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By Catholic Online (NEWS CONSORTIUM)

3/21/2014 (1 year ago)

Catholic Online (www.catholic.org)

We may never know what happened.

More questions than answers remain in the loss of Malaysian Air Flight 370. Australian officials are hotly pursuing the possible sign of debris in the South Indian ocean while FBI officials are about to see if they can recover deleted files from Captain Zaharie Ahmad Shah.

Victims face the real possibility that they may never really know what happened to their loved ones.

Victims face the real possibility that they may never really know what happened to their loved ones.

Highlights

By Catholic Online (NEWS CONSORTIUM)

Catholic Online (www.catholic.org)

3/21/2014 (1 year ago)

Published in Asia Pacific

Keywords: Malaysia, Flight 370, mystery, search


LOS ANGELES, CA (Catholic Online) - It has now been two days since officials began searching for possible signs of wreckage in an area 1,600 miles southeast of Perth, Australia. That search has been predicated on signs of possible wreckage captured on satellite photos now taken almost a week ago.

Searchers haven't located any debris and several days after the images were captured, any debris may have sank.

It is now widely believed that the airliner went down in the Indian Ocean and any hope for survivors is fading quickly. There is no evidence Flight 370 flew towards a destination on land.

As several ships steam towards the only lead investigators have at sea, the aircraft conducting the search have stopped for the night. In fact, the search zone is so far from land that aircraft can only patrol for about two hours before they have to return for fuel.

On land, investigators say they are running short on leads. The FBI has been asked to help Malaysian authorities to recover filed that Captain Shah deleted from his flight simulator. It is hoped the FBI can restore the files and examine them to determine is Captain Shah simulated flying his own plane off course.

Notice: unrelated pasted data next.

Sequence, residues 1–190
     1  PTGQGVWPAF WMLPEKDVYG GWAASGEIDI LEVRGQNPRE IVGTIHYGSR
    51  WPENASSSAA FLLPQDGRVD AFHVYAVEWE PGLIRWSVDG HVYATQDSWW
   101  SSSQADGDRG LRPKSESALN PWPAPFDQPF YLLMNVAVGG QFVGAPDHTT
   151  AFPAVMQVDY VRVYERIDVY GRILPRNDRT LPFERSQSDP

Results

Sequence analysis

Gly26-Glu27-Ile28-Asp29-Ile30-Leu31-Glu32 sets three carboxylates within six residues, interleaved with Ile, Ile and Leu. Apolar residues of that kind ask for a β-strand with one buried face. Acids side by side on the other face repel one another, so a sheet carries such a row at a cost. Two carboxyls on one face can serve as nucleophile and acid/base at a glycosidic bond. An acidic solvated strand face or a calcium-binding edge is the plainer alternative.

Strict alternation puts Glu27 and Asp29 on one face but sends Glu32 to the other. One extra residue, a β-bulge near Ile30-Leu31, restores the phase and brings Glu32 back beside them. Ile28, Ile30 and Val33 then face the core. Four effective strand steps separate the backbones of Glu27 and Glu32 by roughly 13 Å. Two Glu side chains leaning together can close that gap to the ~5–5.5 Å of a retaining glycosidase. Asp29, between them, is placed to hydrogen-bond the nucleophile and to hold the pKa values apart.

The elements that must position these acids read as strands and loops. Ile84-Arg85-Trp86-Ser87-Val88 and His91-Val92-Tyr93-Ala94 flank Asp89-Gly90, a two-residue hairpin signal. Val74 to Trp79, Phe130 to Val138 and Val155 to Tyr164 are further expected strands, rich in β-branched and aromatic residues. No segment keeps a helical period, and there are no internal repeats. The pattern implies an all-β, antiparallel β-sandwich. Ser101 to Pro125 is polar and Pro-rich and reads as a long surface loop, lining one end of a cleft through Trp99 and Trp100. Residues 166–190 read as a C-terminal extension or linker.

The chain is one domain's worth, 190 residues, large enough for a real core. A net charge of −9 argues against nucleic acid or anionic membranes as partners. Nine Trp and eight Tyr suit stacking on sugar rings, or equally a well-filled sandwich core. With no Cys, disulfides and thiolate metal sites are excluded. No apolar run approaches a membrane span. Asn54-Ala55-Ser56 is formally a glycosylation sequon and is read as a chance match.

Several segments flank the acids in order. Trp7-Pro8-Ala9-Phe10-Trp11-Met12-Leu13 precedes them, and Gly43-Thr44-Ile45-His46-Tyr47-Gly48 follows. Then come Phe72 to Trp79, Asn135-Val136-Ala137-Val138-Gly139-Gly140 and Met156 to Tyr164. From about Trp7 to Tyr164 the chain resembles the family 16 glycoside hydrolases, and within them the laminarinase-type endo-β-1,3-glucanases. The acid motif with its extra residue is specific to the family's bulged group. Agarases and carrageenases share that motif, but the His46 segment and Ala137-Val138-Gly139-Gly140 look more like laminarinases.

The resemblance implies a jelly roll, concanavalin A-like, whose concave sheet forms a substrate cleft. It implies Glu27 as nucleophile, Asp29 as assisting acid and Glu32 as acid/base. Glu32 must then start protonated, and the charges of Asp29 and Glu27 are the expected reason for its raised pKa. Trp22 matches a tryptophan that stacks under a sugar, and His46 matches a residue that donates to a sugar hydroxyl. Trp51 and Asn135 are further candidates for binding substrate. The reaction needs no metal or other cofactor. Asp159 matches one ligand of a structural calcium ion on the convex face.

Authorities say the files were deleted in early February and they are small, so their deletion appears suspicious. Such files are generally never deleted in lieu of larger filed when memory on a computer runs low. Was Captain Shah trying to cover up his plans?

Although it's tempting to speculate, there is no evidence that he, or anyone else, is guilty of any wrongdoing. Although the case has been labeled a hijacking, the presumption of innocence applies. None of the passengers or crew have links to terrorism and despite through questioning and searches, none have been revealed.

Suspicion is now turning towards the possibility of a fire that could have been started by ion-lithium batteries on board the plane. The flight routinely carried cargos of such batteries and although they are considered safe, non-hazardous cargo, they have created problems on other flights before. Someexperts have speculated that an improbable series of events caused the crash of Flight 370 at sea.

That series of events begins with a fire that prompts Captain Shah to turn Flight 370 to the west in the general direction of a large airport. Despite what would be considered a heroic effort, the fire caused a cascade of disastrous events that resulted in a loss of communications and eventually killed or rendered the crew unconscious.

The doomed plane then flew, possibly on autopilot, for another 7 and-a-half hours into the open Indian ocean without guidance from the pilot.

This story is improbable, yet hardly any more improbable than a hijacking or any other theory at this point.

Further questions that authorities are trying to answer involve a phone call Captain Shah allegedly made just before takeoff. The call has been described as "frantic." Captain Shah had problems with his family which culminated in his wife moving out of their home just the day before.

The most frustrating factor in the ongoing investigation is the very real possibility that it could remain an unsolved mystery, possibly forever. It is also possible that the plane may never even be located. Consider great mysteries like the sinking of the RMS Titanic, which took decades to solve and the disappearance of Amelia Earhart, which remains largely unsolved to this day.

And the sea floor is still littered with the undiscovered hulks of ships that have been lost for centuries. The water of the Indian Ocean is several miles deep and even if the wreck is located, it may be nearly impossible to recover artifacts from the deep seafloor for years to follow.

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